We fund our grants and activities and events through the group fundraising. We do get a lot of donations as we’re quite well known in the area. We have a monthly bucket collection every Saturday and Sunday after pay day, which we can raise over £1,000 doing each weekend. 

Sadly, we’re short of bucket collectors at the moment. There’s only my husband (who is now the Group’s Finance Volunteer) and I who can currently do the setting up and closing down, which often clashes with us going to MK Dons games! We have a hard-core group of collectors who regularly volunteer but we’d love a few more for the rotas!

The money we have is for spending on people who need it

One thing I'm really proud of, because I’ve wanted to do it for years, is offering the CAB Priority Referral Scheme to people in our area with MS because of a legacy we’ve recently received. But it comes back to the point I made about our team agreeing on things – it's not just my choice! 

As a group we think any money we have is for spending on people who need it. Quite a few groups offer the scheme but it’s quite an expensive thing to do. We pay £110 for every person we refer and in return that person gets priority services.

They’re telephoned within three working days of getting referred, and they get an immediate appointment with a qualified advisor. This covers a general check to see they are getting everything they’re entitled to, helping with benefit claims, debt advice, and advice on housing issues caused by change of circumstances, such as reducing or stopping employment on health grounds.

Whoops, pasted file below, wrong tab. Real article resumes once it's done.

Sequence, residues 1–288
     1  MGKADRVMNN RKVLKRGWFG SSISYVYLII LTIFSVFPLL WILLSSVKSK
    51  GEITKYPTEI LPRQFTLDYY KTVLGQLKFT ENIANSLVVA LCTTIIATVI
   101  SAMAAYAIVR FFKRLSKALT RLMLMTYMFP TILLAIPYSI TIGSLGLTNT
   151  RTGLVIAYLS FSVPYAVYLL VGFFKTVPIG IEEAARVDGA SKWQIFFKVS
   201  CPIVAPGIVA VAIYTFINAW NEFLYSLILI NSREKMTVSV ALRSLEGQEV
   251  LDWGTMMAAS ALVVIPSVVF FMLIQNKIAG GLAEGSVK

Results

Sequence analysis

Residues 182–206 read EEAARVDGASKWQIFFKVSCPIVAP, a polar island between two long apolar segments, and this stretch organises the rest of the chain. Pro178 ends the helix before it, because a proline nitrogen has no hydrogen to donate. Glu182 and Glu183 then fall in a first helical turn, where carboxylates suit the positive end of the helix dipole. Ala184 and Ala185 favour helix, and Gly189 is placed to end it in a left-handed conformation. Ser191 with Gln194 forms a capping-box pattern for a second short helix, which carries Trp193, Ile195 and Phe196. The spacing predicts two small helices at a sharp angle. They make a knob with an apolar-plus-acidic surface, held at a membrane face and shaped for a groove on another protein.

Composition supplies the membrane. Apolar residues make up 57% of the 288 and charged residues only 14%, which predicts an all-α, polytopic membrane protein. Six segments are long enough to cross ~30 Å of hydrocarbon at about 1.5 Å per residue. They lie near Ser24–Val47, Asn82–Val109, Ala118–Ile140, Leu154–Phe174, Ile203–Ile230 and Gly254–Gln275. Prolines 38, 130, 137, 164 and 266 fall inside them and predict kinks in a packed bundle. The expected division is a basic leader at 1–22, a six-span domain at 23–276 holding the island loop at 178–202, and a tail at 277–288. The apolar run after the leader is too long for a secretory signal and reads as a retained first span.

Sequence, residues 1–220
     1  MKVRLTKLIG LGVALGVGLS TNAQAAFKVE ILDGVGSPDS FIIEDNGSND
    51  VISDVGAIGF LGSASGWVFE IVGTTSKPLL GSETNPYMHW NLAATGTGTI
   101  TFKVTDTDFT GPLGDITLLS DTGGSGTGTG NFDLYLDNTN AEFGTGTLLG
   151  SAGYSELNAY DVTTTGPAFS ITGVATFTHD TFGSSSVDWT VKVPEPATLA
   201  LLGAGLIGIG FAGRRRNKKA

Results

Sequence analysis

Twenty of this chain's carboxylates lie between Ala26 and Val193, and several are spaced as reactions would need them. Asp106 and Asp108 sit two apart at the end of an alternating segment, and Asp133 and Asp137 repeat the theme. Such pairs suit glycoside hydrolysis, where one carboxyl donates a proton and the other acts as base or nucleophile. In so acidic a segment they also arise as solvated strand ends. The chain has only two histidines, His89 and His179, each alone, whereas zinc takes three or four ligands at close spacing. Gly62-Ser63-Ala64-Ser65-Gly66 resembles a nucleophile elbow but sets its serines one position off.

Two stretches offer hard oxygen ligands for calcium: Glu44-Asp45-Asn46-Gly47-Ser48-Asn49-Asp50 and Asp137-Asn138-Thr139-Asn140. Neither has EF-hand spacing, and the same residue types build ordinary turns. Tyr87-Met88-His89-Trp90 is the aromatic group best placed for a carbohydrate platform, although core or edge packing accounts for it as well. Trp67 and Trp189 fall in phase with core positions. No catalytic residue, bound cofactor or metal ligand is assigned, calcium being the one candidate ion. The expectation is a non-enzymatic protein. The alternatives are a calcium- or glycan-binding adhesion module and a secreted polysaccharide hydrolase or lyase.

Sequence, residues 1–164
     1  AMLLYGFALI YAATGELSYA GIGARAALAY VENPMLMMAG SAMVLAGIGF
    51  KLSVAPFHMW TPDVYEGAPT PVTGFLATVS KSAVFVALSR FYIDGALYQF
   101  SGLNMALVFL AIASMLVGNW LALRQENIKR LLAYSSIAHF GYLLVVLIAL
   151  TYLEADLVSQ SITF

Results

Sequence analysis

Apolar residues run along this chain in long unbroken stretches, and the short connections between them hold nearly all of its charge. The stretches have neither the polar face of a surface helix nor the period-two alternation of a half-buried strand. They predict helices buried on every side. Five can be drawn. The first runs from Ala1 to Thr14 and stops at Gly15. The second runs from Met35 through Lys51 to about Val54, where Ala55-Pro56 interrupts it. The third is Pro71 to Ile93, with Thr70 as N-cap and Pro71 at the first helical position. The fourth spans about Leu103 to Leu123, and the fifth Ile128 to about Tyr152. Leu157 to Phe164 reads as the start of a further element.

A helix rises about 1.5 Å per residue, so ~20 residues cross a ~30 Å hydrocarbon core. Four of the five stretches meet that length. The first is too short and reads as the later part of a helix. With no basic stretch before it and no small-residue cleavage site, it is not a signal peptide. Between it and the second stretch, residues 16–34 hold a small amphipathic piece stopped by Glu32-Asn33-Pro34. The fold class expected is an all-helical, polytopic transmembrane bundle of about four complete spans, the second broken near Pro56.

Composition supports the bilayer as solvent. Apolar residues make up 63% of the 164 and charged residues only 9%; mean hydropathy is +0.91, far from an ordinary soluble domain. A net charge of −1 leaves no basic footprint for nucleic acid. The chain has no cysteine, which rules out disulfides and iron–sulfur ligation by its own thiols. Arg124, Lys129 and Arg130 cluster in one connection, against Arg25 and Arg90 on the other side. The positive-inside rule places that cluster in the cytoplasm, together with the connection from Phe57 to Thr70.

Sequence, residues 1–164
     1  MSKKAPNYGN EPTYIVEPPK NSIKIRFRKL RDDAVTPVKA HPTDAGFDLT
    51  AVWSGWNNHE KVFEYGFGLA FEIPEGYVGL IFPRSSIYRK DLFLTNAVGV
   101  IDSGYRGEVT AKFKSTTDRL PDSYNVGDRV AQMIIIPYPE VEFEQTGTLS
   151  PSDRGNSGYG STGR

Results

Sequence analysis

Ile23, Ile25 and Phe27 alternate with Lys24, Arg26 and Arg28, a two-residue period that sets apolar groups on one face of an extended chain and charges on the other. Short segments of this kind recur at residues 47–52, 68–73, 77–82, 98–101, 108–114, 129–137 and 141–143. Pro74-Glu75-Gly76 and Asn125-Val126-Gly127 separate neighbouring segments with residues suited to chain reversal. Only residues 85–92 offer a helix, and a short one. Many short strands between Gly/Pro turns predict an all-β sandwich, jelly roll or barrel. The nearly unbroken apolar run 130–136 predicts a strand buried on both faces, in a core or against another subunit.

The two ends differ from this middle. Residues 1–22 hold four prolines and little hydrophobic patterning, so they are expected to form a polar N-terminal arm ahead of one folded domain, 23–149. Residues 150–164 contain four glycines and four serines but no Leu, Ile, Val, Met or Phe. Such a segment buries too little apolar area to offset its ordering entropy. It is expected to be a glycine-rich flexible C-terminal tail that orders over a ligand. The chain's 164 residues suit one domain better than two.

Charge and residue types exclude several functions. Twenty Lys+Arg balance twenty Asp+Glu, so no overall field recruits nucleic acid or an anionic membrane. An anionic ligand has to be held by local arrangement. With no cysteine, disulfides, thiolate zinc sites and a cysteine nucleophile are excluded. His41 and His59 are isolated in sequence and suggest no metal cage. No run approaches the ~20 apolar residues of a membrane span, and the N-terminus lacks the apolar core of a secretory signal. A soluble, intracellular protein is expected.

Connecting with people living with MS

Our two MS nurses have been in post longer than I’ve been volunteering, and we have a great relationship. They refer people to me rather than telling people to get in touch with me or our group because often people won’t refer themselves. People can be reluctant to make initial contact for many reasons. So we help to get that first step out of the way. Now I’m friends with many of the people we help.

I’ve come to see my disability as my unique selling point

I just think volunteering is a really nice thing to do. Bottom line is, while I have a disability, if I want something I can generally sort it. A lot of people in a similar situation can’t. I guess I’ve always been in a privileged position where I have skills which I can use to negotiate through the system. So if I can do it for others too, why wouldn’t I?

At school, my teachers always assumed I would work with disabled people as I have Cerebral palsy. But I refused. I told them I didn’t have a disability, I’m not disabled. Years on, I’ve come to see my disability as my unique selling point. I’ve embraced it and think it’s given me this unique experience. 

I recently won an Impact Award for my volunteering. I was shocked that I’d been nominated for it, and even more shocked that I won. I simply don’t think that what I do is exceptional in any way, and certainly didn’t seem to match what others who were nominated had done. I also felt strongly that the award was for the whole Milton Keynes Group not just me, as without them, I could not do what I do.